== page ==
Rights groups are expressing scepticism over the announcement that Myanmar has repatriated the first Rohingya family, despite warnings from the UN.
“This is a deception,” Rohingya Blogger, a watchdog and Rohingya rights website run by Rohingya activists in Europe, said in a statement on Sunday.
The Myanmar government announced in a Facebook post on Saturday that a family of five had returned to the country from the border area between Bangladesh and Myanmar, where thousands of refugees are holed up.
About 700,000 Rohingya have fled to Bangladesh since Myanmar’s military imposed a brutal crackdown on the Rohingya living in Rakhine State last August in what has been described as a “textbook example of ethnic cleansing” – an accusation Myanmar denies.
Images accompanying the social media post on Saturday showed five individuals receiving identification cards – which do not grant citizenship – from uniformed Myanmar officials, and getting medical help and living provisions from health and social workers.
The statement referred to the family as “Muslims”. Myanmar does not recognise the Rohingya as an ethnic group. The statement also did not mention when and how many more individuals and families would be repatriated.
A Rohingya community leader confirmed to AFP news agency the return of the family.
According to the Rohingya Blogger, however, the individuals in the photos are the family members of the administrator of Taung Pyo Latya, the designated entry point for returning refugees.
“We were shocked to hear anybody would return here amidst volatile condition here,” the Rohingya Blogger website quoted its source as saying.
The website claimed after conducting its own investigation that family entered the border area, where the refugees are camped out, to try “persuade” other Rohingya families to return to Myanmar.
The Rohingya Blogger site said that when the plan did not work, the family returned to Myanmar, where they were portrayed as “returnees”.
The group described the announcement a “fake event”, aimed at luring Rohingya refugees to return to Myanmar to live in camps.
Separately, Andrea Giorgetta from the International Federation for Human Rights (FIDH) told AFP that the repatriation announcement is “a public relations exercise in an attempt to deflect attention from the need for accountability for crimes committed in Rakhine State”.
“Before proceeding with the repatriation of Rohingya, the Myanmar government must recognise and guarantee all their fundamental human rights,” he told the news agency.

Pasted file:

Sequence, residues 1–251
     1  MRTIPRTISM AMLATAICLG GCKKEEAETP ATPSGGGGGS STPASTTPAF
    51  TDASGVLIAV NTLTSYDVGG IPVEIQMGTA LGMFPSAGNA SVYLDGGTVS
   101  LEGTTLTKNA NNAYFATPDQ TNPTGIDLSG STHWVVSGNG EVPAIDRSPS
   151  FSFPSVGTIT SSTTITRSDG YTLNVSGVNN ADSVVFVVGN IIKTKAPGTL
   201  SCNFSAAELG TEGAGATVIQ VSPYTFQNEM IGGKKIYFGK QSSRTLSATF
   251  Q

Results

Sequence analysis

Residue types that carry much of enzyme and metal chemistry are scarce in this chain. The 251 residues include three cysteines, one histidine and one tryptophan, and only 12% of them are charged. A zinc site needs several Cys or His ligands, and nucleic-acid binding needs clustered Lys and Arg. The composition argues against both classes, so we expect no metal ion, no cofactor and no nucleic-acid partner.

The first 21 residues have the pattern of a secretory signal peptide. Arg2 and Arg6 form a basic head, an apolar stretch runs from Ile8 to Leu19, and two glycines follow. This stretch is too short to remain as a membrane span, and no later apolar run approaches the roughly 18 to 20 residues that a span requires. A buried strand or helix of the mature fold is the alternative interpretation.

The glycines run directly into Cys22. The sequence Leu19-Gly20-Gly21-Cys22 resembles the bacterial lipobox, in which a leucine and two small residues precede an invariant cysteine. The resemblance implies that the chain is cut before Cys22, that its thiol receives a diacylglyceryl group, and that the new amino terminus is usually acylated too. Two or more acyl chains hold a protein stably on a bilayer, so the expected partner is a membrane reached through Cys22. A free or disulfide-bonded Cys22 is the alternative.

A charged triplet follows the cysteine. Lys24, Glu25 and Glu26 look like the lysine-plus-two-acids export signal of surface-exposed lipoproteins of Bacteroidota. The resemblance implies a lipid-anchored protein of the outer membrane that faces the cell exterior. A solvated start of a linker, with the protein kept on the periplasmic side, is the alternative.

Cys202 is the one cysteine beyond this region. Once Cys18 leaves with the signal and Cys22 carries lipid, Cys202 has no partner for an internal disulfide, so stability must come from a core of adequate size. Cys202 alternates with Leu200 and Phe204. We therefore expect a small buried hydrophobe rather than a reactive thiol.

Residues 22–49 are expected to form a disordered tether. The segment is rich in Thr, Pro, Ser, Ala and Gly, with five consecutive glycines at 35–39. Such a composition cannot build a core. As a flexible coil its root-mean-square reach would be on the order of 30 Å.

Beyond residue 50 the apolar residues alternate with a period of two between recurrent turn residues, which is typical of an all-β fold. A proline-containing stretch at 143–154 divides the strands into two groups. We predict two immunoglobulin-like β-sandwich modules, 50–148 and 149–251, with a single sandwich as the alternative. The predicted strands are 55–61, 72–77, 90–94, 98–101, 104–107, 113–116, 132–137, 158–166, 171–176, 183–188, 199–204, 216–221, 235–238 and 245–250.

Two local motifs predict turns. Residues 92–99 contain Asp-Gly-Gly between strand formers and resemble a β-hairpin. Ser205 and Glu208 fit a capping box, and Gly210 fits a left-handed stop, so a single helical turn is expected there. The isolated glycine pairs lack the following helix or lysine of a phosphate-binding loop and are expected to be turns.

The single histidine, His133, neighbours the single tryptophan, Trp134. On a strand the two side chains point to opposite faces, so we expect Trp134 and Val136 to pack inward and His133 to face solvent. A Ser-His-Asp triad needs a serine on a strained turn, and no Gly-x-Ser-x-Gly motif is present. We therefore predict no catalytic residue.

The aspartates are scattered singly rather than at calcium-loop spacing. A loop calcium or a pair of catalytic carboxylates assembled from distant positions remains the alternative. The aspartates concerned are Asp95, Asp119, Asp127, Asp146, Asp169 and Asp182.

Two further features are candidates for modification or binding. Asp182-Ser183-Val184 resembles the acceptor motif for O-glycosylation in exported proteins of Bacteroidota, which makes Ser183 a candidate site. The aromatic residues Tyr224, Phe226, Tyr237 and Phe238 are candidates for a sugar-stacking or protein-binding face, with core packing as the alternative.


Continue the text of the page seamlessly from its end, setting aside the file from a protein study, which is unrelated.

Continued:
‘Not safe for returns’
The reported repatriation comes days after Myanmar’s social welfare minister, Win Myat Aye, visited a Rohingya camp in Bangladesh’s border area of Cox’s Bazar.
During the visit, Win announced that Myanmar is ready for the repatriation of Rohingya.
Ursula Mueller, the a UN senior humanitarian official, warned last week that there “critical issues of freedom of movement” that Myanmar’s government needs to address before beginning repatriation, AFP reported.
On Friday, UNHCR said that the “conditions in Myanmar are not yet conducive for returns to be safe, dignified and sustainable”, adding that “the responsibility for creating such conditions remains with the Myanmar authorities, and these must go beyond the preparation of physical infrastructure to facilitate logistical arrangements.”
Bill Frelick, director of Human Rights Watch’s (HRW) refugee rights programme, also recently called Myanmar’s plan “wishful thinking”.
“Before the start of actual returns, Myanmar should agree to a set of prerequisites for return,” Frelick wrote earlier this month.
That includes “unfettered, independent monitoring” of returnees, restoration of lost homes and properties among others.
“Refugee return also cannot be divorced from the question of impunity for the crimes that caused the refugees to flee,” he said.
In February, Bangladesh released a list of more than 8,000 Rohingya for repatriation. As of April 1, only 600 individuals have been verified by Myanmar, according to HRW.
A second list of 10,000 people is also being readied for release, Frelick said.
Rohingya and rights groups have accused the army of committing crimes against humanity and genocide, including murder, rape, arson and looting – unleashed in response to Rohingya armed attacks on security forces.
Since then, hundreds of thousands of Rohingya have been living in squalid conditions in camps along the Myanmar-Bangladesh border.
The Rohingya are viewed as one of the most persecuted communities in the world. Doctors Without Borders (MSF) estimated that at least 6,700 Rohingya were killed in the first month of the crackdown alone.